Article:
The Florida Straits and Ecological Risks in the Littoral Territories of Florida and Cuba: Dan Whittle, Environmental Defense Fund
Senior Attorney for EDF’s Cuba Fisheries Program, Mr. Whittle will discuss environmental risks and the importance of two recent Memoranda of Understanding between the U.S. and Cuba for the protection of reefs and aquaculture.
Cuba’s Twilight Zone Reefs Expedition: Dra. Patricia González, Center of Marine Investigations, University of Havana, & Prof. John K. Reed, Cooperative Institute for Ocean Exploration, Research and Technology (CIOERT), Harbor Branch Oceanographic Institute, Florida Atlantic University
This expedition’s circumnavigation of Cuba explored the island’s diverse mesophotic coral reefs at 30 to 150 meter depths, revealing what may be one of the most extensive, healthiest reef habitats in the Caribbean. The expedition was conducted under “The Sister Sanctuaries Memorandum of Understanding,” the first agreement of any kind signed by the U.S. and Cuban governments following the reestablishment of diplomatic relations in 2015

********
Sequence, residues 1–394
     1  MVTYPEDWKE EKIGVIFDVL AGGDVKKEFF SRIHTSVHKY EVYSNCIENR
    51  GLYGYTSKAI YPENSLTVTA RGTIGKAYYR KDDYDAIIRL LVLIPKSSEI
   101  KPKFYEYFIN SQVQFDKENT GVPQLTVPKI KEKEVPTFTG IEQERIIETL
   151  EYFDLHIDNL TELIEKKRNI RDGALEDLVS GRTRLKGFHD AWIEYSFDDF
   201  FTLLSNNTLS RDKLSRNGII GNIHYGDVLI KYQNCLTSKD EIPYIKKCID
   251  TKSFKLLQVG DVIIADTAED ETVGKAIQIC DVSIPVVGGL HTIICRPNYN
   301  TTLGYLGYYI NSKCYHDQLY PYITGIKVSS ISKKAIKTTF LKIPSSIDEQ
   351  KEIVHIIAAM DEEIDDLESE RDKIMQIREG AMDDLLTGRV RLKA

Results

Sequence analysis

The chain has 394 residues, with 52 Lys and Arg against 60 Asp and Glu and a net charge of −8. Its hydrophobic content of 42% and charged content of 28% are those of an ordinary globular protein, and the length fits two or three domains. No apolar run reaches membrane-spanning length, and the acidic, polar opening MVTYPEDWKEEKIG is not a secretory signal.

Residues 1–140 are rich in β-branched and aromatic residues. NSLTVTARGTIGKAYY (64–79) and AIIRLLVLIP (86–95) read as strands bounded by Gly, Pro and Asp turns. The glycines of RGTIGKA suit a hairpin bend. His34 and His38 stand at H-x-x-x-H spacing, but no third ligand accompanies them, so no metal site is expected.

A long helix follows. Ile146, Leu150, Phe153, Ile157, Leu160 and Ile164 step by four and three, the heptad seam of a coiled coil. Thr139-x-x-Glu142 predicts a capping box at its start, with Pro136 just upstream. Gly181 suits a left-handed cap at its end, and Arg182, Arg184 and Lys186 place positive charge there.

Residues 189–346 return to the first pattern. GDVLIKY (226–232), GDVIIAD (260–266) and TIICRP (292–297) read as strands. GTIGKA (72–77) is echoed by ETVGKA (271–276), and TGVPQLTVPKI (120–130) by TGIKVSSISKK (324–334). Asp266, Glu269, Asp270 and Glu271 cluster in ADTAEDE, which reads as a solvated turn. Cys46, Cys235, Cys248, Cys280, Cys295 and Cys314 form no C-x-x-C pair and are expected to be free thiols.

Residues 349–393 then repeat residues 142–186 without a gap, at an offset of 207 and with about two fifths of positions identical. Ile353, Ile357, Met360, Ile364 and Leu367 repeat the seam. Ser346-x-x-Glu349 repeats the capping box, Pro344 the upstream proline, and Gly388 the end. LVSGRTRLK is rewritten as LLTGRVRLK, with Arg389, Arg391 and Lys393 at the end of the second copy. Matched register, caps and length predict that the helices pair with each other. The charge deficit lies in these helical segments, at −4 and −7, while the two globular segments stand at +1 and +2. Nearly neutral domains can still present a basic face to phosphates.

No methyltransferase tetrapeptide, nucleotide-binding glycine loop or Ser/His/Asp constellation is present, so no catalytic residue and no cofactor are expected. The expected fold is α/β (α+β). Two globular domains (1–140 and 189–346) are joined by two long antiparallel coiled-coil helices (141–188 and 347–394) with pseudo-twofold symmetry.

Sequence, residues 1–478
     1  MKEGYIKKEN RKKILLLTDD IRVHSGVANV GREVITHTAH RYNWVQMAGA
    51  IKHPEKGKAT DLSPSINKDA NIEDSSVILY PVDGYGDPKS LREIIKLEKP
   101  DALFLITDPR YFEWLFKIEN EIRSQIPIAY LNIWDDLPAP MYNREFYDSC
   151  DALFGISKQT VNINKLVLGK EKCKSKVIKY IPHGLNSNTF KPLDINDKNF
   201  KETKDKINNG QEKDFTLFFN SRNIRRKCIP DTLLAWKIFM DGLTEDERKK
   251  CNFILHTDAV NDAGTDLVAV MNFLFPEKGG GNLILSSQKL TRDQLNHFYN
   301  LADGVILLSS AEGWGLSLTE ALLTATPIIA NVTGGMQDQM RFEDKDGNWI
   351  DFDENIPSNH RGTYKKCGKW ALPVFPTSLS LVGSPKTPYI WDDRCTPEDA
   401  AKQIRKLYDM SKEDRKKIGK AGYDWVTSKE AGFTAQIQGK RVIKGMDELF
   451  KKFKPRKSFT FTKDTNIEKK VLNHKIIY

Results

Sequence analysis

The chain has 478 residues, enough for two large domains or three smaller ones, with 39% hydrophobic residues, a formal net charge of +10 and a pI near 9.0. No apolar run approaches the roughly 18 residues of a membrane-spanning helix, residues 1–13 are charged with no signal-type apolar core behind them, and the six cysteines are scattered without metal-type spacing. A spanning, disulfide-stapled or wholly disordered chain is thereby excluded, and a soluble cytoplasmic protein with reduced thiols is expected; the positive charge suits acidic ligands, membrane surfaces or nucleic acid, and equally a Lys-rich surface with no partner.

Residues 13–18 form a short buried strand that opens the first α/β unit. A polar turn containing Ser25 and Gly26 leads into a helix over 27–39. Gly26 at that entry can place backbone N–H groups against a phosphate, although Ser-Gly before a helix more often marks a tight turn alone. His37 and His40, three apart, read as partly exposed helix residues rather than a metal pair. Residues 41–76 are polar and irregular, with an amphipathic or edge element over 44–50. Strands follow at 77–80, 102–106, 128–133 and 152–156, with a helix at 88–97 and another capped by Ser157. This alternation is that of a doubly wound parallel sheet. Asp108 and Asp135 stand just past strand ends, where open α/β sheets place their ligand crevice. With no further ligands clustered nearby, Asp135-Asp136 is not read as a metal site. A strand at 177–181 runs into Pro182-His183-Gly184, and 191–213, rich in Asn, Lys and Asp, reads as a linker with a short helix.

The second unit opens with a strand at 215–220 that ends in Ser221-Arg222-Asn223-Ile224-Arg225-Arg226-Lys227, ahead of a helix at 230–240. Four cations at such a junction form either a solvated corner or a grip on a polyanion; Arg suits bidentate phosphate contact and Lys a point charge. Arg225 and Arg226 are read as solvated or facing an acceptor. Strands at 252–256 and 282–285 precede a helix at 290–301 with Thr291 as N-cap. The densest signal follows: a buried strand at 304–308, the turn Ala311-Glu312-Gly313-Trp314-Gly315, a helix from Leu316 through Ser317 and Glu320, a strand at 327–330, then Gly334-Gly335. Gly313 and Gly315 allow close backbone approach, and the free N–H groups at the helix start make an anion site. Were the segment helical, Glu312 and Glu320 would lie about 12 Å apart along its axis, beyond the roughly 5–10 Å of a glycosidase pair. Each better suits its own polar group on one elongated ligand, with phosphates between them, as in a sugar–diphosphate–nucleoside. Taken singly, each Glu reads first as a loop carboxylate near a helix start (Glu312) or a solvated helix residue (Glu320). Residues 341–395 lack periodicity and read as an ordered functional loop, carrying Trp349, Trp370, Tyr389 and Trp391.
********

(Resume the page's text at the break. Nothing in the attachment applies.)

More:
Sustaining a One Gulf Aqua-Culture Habitat: Dr. Larry McKinney, Harte Research Institute for Gulf of Mexico Studies, Texas A&M University - Corpus Christi.
Meeting the challenges and opportunities in protecting and preserving the marine environment of the Gulf of Mexico, particularly focusing on the special circumstance occasioned by an oil spill from the U.S., Mexican or Cuban seas impacting the coastal areas of the Gulf.